The legislature vacations while crisis looms
Good-government advocates often breathe a sigh of relief when the legislature quits Beacon Hill. If petty feuds, vanity projects, and institutional rivalries do not obstruct the people's business, then lawmakers' perpetual indebtedness to special interests, such as public-employee unions and corporate lobbyists who contribute to election campaigns, conspires to stick it to the public. With so much important work left undone, however, this has proven to be an especially bad year for the so-called Great and General Court to have taken an early holiday powder.
Perhaps the legislature's most irresponsible example of inaction has been its failure to grant Governor Deval Patrick expanded budget-cutting authority. Patrick has been out in front, dealing with the ongoing fiscal crisis and seeking ways to cut costs — a nasty and thankless task, but one from which he has not shrunk. At the risk of being unfair to adolescents, the legislature's decision to take a long vacation rather than do the homework necessary to balance the state's books is a sure sign that both the House and the Senate suffer from a junior-high mindset.
Delay on this issue will only make things more painful. The more the state spends in the remaining days of 2009, the more it will have to cut in 2010.
Further delay could also allow House and Senate leaders to shield patronage cronies, such as the ones in the court system, since the no-nonsense budget cutting that Patrick is advocating threatens the legislature-sanctioned gravy train. They want to continue to protect police officers — an extraordinarily insulated class of employee — from Patrick's call to end the special educational subsidies that police receive under the Quinn Bill.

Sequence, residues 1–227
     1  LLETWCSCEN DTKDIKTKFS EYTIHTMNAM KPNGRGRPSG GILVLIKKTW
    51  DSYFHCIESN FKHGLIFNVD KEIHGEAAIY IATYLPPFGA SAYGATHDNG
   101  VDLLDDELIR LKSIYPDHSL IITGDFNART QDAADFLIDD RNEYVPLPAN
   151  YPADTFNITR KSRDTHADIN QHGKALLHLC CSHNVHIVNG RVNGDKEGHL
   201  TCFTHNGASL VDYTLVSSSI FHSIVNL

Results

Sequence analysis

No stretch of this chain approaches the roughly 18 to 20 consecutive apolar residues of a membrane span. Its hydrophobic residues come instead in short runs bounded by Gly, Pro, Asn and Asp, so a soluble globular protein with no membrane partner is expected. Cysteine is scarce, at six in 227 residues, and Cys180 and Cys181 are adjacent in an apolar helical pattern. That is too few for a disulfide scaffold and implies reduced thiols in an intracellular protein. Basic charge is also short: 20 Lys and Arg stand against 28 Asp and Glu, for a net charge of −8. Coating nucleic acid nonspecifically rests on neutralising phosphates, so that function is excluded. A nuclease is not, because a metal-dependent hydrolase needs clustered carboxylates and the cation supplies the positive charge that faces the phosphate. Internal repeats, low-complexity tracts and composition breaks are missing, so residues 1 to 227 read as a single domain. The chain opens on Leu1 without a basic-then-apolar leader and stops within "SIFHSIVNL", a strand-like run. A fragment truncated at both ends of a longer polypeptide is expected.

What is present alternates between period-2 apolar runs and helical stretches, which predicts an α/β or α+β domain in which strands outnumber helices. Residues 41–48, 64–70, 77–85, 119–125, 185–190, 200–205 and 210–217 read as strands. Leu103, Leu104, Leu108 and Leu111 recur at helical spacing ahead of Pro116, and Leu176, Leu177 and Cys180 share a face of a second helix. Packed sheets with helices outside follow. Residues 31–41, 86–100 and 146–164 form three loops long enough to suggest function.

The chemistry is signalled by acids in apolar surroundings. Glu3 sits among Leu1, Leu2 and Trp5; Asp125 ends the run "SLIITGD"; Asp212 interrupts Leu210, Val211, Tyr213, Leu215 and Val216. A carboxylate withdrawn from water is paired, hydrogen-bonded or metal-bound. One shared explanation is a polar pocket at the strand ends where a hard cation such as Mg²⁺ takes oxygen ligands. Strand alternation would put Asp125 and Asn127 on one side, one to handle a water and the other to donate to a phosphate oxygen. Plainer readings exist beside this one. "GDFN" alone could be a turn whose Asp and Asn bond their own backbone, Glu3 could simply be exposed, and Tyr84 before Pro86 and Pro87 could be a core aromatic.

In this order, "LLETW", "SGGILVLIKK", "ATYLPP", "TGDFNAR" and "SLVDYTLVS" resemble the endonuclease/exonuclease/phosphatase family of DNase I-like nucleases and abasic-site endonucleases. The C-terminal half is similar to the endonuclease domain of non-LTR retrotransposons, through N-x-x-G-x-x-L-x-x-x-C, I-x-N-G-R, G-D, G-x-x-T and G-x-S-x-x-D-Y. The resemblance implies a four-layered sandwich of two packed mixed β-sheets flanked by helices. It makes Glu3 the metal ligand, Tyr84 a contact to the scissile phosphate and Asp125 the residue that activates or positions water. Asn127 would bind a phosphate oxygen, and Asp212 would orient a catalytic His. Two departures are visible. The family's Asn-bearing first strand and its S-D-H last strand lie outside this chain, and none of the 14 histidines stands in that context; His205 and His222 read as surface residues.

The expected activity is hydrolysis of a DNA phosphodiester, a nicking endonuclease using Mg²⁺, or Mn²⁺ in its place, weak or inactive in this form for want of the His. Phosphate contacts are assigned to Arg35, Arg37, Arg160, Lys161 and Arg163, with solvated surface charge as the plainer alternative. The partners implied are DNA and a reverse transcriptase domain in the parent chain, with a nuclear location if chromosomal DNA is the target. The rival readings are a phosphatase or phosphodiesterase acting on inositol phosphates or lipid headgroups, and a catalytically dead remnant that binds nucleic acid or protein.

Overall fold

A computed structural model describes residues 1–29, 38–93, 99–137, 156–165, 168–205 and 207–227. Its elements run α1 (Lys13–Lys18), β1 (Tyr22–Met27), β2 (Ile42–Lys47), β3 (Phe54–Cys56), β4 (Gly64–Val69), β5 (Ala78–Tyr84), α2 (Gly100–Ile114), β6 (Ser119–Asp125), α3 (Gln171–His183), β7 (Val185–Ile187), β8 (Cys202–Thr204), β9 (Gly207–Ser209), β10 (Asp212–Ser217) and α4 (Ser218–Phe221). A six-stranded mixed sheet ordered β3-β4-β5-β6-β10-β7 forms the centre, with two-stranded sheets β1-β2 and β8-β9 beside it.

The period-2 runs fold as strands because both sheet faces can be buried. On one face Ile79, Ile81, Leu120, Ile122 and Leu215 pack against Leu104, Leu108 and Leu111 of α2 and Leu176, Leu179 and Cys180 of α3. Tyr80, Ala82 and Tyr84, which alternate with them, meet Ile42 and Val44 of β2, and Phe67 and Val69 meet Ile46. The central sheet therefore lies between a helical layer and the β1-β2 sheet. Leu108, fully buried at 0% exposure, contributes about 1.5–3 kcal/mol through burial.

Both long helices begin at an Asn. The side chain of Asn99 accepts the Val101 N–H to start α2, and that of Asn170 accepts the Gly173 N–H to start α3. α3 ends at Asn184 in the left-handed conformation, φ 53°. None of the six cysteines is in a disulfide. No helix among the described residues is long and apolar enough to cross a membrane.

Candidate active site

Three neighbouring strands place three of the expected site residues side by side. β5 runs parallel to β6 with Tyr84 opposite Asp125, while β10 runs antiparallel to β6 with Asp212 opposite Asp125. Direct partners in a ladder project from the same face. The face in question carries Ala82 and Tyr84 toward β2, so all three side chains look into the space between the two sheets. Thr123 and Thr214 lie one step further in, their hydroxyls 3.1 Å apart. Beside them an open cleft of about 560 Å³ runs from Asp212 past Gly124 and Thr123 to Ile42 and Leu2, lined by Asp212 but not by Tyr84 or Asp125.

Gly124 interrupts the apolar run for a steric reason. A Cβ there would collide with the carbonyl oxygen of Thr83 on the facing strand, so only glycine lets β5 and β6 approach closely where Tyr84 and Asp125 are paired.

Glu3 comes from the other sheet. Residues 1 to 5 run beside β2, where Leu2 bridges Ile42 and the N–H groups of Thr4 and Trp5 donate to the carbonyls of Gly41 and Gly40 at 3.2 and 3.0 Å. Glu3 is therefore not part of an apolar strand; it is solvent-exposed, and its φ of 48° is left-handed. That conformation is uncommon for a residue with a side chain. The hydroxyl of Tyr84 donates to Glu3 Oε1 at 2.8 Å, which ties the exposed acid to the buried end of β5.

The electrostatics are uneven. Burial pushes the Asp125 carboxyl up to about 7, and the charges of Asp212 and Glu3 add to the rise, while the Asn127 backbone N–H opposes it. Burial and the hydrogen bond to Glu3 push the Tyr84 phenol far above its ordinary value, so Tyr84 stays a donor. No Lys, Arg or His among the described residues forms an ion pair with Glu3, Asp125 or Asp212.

A pox on the House
The Senate may be guilty of trying to preserve shoddy prerogatives the state can no longer afford, but at least it gives the impression of knowing what it is doing. Not so the House. The fact that three consecutive Speakers were forced out by charges of wrongdoing has weakened the institution. Its members seem to have thrown in the towel.
Take the House's failure to move on Patrick's sweeping education-reform proposal, which would dramatically increase the number of charter schools in the state. Even a moderately dimwitted observer might think that the time is ripe for Massachusetts to align itself with President Barack Obama's call for more charter schools. Federal funds will be available for this as of January 19. And solons say the state will have a plan in place by that date. Why not now?
Could it be that House leaders are scheming to find a way to maximize the federal charter-school money, while complying as minimally as possible with Obama's guidelines, so as not to upset the teachers' unions? (Corporal punishment may not be allowed in schools, but the teachers' unions have been known to threaten legislators with spankings if lawmakers do not do as they are told.)
Then there is the issue of reforming the Criminal Offender Records Information system (CORI) and revising mandatory-minimum sentencing requirements. Again, the Senate has acted and the House has not.
: The Editorial Page
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